The Juvenile Path to Kentucky Derby 2014

The Juvenile Path to Kentucky Derby 2014
Photo: Bob Mayberger/Eclipse Sportswire

Over the last twenty years, colts that have been victorious in the Kentucky Derby have followed a fairly specific training pattern. The majority of the Derby winners from 1990 – 2013 made their initial start between June and October and won their maiden between August and November. The exceptions are I’ll Have Another, who won his maiden in July, plus Fusaichi Pegasus and Monarchos, who didn’t win their maiden race until the following January although they did race the previous year. Twelve of the last twenty Kentucky Derby winners have run in a stakes race as a two year old.

Traditionally, the Derby champs started their three year old season in January or February and participated in three or four prep races before the big dance. All this changed dramatically in 2007 when Street Sense didn’t start his year until March and had only two prep races.   Five of the last six Kentucky Derby winners followed in the hoofprints of Street Sense, participating  in just two races before heading to the winners’ circle in the Kentucky Derby.  Last year’s Kentucky Derby winner Orb made three starts before the Kentucky Derby.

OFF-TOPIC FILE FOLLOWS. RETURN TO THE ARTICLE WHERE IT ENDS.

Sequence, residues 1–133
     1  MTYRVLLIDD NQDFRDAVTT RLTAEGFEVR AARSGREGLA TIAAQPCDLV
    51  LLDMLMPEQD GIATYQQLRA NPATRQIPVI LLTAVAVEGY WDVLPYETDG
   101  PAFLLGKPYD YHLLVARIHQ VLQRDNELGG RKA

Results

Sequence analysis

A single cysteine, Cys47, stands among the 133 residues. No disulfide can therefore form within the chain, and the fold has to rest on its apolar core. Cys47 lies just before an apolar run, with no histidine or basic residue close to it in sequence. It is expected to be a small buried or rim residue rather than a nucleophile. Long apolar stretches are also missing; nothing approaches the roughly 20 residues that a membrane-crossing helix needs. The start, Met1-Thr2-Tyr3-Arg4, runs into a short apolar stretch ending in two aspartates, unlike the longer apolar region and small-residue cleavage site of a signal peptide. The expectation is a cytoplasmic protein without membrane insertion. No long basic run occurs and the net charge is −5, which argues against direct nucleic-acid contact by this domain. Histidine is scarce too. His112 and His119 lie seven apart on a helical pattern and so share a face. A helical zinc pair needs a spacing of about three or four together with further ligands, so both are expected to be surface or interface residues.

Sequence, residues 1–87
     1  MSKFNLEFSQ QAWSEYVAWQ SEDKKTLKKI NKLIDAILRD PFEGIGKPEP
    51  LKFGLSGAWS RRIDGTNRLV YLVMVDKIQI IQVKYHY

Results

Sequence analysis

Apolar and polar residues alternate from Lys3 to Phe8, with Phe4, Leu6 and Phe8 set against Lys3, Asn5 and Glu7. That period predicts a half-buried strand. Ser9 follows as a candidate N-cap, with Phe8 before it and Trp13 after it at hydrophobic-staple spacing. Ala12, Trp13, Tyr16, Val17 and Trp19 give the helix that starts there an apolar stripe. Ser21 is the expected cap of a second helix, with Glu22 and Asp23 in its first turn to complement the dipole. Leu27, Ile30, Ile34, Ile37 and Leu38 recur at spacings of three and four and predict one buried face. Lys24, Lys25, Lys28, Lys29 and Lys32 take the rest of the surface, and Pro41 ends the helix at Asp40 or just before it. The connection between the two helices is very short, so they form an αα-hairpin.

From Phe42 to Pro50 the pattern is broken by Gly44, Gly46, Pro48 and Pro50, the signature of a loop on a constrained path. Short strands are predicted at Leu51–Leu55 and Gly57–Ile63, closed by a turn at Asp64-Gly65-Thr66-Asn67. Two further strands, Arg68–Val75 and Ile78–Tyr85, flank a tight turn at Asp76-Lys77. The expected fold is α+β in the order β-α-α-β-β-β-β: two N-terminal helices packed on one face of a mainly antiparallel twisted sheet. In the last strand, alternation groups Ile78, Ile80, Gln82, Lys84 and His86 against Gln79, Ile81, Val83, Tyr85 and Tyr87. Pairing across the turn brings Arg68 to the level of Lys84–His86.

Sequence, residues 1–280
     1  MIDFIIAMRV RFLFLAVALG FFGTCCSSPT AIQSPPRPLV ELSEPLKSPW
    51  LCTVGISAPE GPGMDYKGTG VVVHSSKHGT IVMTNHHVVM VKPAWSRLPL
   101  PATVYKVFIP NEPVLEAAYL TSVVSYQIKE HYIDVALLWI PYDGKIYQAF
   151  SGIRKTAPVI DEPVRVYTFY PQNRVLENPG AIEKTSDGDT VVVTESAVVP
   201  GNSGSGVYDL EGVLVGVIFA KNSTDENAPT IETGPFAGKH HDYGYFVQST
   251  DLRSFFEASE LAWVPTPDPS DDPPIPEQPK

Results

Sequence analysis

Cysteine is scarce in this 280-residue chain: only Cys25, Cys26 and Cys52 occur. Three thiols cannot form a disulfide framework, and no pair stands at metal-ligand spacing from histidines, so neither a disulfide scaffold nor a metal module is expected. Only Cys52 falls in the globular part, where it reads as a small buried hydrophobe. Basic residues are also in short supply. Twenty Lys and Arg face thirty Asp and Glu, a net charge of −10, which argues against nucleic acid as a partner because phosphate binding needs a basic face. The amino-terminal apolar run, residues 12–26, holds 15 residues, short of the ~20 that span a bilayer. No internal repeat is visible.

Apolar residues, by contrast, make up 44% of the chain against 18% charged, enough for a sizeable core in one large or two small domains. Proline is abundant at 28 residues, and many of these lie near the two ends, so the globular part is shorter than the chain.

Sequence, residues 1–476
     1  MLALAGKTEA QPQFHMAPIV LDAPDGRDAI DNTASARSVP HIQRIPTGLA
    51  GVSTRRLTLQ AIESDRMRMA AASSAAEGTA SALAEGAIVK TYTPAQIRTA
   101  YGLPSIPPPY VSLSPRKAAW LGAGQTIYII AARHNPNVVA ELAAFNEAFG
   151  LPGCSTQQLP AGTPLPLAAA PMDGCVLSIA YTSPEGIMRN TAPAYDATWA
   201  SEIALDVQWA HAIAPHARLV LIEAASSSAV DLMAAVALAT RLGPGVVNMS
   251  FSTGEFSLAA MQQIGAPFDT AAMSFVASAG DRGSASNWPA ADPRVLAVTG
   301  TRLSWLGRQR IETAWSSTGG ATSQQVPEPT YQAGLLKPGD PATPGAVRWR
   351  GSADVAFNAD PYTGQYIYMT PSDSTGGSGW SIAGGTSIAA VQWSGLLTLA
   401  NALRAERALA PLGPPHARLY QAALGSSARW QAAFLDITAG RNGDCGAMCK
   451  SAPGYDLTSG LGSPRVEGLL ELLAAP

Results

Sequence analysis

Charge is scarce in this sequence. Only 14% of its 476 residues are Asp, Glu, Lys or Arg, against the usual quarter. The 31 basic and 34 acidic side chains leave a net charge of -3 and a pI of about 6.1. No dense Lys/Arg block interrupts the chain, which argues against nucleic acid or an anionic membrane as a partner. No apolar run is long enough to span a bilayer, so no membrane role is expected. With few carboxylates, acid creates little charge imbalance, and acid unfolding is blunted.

The playing field changed further last year with the inception of the Kentucky Derby points.  Points are awarded to the first four finishers of designated stakes races. Thirty-four races are included in the series, starting in September with the Iroquois Stakes and ending in mid-April with the Lexington Stakes.  Going back to 2000, the following juvenile races have produced the most top three finishers to also finish in the top three in the  Kentucky Derby:
The Cash Call Futurity, Remsen and Breeders’ Futurity  - 3
Champagne, Breeders’ Cup Juvenile – 2
Delta Downs Jackpot Stakes, Grey Stakes, Kentucky Jockey Club – 1
Frontrunner (previously the Norfolk) and Iroquois – 0